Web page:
So why is Yandex developing a better browser? To grab more advertising rubles for search ads that show up alongside search results. Search ads account for about 97 percent of Yandex's revenue.

"Securing search share was one of reasons we had to launch our own browser," Yandex spokesman Vladimir Isaev explained. According to Isaev, it had become harder for third parties to integrate their search services into Chrome and more difficult for people to select Yandex. "We would be in trouble on desktops [without] launching our own browser."

Worldwide, Yandex.Browser has attained a seventh-place rank in the browser market, but that's only 0.4 percent of desktop browser usage, according to StatCounter.

Yandex.Browser's icon
Yandex.Browser's icon Yandex

Companies that have their own browser have another financial advantage: they don't have to share revenue with other companies that refer traffic to their search engine. That's one reason Google came out with its own Chrome browser. In 2013, Google paid Mozilla $314 million for searches conducted in Firefox.

Meet Yandex's browser

This is where we get into the weeds: Despite challenging Google, the Yandex.Browser also relies on it.

That's because Chrome is based on the open-source Chromium browser project, using elements like the Blink engine to turn website programming instructions into the pictures and text you see on the screen. Open-source software can be freely used and modified by anyone, and that's what Yandex is doing.

Piggybacking on Chromium is important: The table stakes for offering a browser are high, and using Google's software means companies don't have to spend lots of money paying programmers to reinvent the wheel. That's also why Opera Software switched from its own browser foundation to Chrome, why Google based Chrome on Apple's open-source WebKit project, and why Apple based WebKit project on another open-source browser called KHTML.

Using Chromium also makes it easier for developers, who have their hands full making sure their websites work properly on multiple browsers.

Yandex.Browser offers a choice of search engines when first installed. The choices vary by country.
Yandex.Browser offers a choice of search engines when first installed. The choices vary by country. Screenshot by Stephen Shankland/CNET

Yandex offers differences, though, besides the interface. For instance, it has its own safe browsing service to try to keep people from visiting sites infected with harmful software. It also has a turbo mode licensed from Opera that can compress text, images and video for speedier performance on slow networks.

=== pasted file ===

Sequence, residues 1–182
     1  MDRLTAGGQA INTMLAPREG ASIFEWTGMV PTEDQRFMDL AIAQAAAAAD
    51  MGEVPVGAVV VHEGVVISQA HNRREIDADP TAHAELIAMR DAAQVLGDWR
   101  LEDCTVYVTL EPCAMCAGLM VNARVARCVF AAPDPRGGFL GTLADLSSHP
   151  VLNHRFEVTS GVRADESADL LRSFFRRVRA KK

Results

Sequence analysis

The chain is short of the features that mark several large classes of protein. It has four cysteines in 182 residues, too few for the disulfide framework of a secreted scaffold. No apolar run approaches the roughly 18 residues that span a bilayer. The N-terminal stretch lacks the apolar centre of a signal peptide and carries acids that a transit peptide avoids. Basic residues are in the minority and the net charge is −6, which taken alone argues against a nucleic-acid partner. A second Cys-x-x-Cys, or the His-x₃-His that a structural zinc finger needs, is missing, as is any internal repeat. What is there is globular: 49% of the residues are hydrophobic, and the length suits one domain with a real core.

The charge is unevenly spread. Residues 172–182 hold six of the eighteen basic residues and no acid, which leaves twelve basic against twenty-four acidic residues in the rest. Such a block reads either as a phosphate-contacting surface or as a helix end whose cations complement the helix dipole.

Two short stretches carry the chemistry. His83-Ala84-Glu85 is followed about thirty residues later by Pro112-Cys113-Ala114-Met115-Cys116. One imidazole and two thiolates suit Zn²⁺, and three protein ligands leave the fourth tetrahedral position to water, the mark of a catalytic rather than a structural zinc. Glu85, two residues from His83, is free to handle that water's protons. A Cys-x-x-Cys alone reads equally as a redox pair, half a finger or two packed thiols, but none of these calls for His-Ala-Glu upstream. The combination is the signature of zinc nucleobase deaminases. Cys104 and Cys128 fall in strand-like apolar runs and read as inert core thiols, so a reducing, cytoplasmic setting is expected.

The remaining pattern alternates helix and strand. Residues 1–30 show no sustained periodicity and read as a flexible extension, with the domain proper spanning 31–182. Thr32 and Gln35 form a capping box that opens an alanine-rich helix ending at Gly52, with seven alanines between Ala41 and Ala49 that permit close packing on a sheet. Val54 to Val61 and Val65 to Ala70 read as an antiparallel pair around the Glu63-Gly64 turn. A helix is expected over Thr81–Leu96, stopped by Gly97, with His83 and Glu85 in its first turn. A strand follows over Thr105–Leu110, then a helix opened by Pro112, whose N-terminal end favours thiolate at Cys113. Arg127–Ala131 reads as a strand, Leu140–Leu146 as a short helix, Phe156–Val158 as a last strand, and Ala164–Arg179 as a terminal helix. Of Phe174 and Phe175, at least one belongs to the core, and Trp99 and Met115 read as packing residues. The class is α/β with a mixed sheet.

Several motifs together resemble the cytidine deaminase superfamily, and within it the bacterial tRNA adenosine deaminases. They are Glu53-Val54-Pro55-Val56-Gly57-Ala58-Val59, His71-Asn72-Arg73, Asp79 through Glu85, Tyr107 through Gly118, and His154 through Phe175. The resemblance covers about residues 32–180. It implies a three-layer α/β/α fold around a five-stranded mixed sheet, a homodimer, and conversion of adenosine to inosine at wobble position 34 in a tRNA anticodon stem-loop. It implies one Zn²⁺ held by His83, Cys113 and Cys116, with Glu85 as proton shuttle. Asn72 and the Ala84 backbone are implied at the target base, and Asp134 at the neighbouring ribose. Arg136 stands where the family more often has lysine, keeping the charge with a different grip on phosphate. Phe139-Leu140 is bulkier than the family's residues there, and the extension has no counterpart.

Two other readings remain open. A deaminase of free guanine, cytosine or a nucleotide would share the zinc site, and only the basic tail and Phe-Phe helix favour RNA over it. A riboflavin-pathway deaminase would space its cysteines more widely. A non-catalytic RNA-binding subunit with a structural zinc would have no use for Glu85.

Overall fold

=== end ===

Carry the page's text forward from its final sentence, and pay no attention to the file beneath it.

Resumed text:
Stealth mode

Yandex.Browser also has a "stealth mode" option developed by AdGuard, easily enabled by clicking an icon of a stealth fighter jet in the upper-right corner of the screen. It blocks website analytics tools and other technology that can be used to track user behavior.

Yandex.Browser also took steps to ensure users' privacy as it expanded into international markets. In countries including the US and Germany, for example, the browser won't share anonymous usage data with Yandex unless the user specifically enables it. Yandex.Browser is now available in 15 languages.

The software includes Adobe Systems' Flash Player plug-in -- a technology that's fading from modern websites but is still widely used for things like streaming video and games. For viewing PDF (Portable Document Format) files, Yandex includes the PDFium software from Google.

Yandex.Browser can also use extensions to add abilities. Saving articles with Pocket to read later, synchronizing passwords with LastPass and storing notes with Evernote are all available options. A Yandex.Browser extensions site, operated by Opera Software, lists more than 600 extensions, but the software will also run add-ons from Google's Chrome Web Store, Isaev said.

Yandex.Browser is a balancing act between the company's own software and technology from others. Its international ambitions are limited, but closer to home, Yandex thinks it'll keep its edge.

"We think we can compete in this market," Isaev said.